At this point, I'm thinking there are two types of emergency managers. One set has decided to implement the use of social media into their emergency management functions and the second set have said, "No thank you, and since no one is demanding it, I can coast and not do anything." This latter group will get squeezed by citizens and the media when something does happen.
With the above in mind, see this infographic, Social Media the New Face of Disaster Response. The 2010 Haiti earthquake was the first widespread use of Twitter during a disaster. That event is now six years in our rearview mirror, so don't think you are being cutting edge if you have established a Facebook page that is basically static.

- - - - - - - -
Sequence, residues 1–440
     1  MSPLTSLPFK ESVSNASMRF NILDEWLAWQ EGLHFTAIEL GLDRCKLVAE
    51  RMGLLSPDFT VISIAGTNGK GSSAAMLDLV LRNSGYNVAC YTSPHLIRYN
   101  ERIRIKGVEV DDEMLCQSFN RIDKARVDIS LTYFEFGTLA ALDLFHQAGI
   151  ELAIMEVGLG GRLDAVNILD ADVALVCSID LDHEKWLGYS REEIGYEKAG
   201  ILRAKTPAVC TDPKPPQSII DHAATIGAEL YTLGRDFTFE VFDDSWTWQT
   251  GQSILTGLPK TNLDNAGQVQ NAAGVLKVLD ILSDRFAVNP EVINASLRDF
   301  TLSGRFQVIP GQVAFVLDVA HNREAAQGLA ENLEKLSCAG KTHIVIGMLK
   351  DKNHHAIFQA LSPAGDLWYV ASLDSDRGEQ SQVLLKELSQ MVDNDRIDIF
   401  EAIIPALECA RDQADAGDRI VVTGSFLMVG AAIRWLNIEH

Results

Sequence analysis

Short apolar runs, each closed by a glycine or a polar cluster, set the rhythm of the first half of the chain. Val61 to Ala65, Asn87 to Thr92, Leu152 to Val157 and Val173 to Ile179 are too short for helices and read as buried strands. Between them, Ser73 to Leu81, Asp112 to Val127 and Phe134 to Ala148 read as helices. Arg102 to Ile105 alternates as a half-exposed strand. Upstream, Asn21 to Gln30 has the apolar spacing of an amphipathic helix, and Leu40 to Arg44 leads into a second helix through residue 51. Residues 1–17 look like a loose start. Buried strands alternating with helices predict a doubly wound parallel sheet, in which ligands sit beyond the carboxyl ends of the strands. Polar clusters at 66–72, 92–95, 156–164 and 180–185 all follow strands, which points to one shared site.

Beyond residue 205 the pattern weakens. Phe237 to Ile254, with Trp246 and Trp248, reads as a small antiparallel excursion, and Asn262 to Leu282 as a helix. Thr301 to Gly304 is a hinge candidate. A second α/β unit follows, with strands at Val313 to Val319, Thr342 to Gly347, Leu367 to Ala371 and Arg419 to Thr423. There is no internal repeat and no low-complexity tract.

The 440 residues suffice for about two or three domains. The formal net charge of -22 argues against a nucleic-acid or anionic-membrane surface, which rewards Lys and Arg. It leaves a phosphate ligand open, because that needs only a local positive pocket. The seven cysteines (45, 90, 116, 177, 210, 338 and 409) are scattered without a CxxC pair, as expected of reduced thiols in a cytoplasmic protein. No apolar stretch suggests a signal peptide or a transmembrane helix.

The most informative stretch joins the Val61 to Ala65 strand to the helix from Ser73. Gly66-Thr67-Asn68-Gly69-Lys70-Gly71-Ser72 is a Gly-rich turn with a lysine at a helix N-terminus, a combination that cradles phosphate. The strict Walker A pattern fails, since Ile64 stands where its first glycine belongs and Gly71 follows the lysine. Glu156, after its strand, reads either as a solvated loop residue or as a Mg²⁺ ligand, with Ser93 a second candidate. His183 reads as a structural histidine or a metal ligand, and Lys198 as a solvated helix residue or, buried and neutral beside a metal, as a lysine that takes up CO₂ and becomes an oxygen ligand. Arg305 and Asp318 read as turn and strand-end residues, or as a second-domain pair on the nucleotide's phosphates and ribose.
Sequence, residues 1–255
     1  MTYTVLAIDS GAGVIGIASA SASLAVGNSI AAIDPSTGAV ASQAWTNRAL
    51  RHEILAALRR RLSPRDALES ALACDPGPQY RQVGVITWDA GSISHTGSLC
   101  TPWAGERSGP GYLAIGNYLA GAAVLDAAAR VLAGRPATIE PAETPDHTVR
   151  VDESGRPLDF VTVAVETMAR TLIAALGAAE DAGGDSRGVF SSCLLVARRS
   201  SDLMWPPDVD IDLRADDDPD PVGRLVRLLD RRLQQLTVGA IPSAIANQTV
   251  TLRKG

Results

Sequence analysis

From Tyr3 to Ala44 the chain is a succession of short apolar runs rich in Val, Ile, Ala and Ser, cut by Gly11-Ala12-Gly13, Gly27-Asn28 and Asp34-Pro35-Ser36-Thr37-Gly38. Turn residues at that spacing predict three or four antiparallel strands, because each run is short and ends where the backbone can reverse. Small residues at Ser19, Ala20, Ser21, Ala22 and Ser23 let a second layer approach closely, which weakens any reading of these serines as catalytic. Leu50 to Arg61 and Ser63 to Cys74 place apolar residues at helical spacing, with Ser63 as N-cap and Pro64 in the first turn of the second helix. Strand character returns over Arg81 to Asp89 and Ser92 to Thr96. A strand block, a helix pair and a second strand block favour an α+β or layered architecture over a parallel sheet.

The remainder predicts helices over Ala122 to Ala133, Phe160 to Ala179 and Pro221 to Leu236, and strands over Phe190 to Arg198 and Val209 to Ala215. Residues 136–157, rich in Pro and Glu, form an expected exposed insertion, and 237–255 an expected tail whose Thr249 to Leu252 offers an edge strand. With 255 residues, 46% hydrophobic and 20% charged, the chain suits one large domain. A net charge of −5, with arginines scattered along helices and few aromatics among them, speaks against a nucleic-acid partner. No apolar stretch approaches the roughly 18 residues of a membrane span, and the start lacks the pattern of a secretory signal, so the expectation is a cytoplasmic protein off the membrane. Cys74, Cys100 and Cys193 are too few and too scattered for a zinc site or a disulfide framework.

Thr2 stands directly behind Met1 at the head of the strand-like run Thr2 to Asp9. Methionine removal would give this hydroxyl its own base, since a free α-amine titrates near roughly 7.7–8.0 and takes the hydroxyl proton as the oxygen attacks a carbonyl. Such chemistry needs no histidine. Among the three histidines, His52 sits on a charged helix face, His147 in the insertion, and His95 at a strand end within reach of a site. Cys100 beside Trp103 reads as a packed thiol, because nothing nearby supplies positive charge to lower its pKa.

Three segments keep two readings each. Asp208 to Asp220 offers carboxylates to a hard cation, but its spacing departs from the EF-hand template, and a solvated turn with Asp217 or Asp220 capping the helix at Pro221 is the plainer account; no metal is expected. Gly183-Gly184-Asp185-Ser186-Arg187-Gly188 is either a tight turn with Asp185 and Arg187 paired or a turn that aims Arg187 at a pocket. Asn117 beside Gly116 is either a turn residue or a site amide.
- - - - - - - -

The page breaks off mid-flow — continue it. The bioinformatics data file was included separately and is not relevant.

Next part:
The other thing that can be disturbing to both sets of emergency managers I outlined above are the public's expectations, also outlined in the infographic for response agencies to receive requests for assistance via social media from citizens. Just saying "We don't do that" will not ring well when others in the nation are grappling with how to accomplish this.
These are challenging times and they require people and agencies to go beyond budgets and staffing levels to find solutions.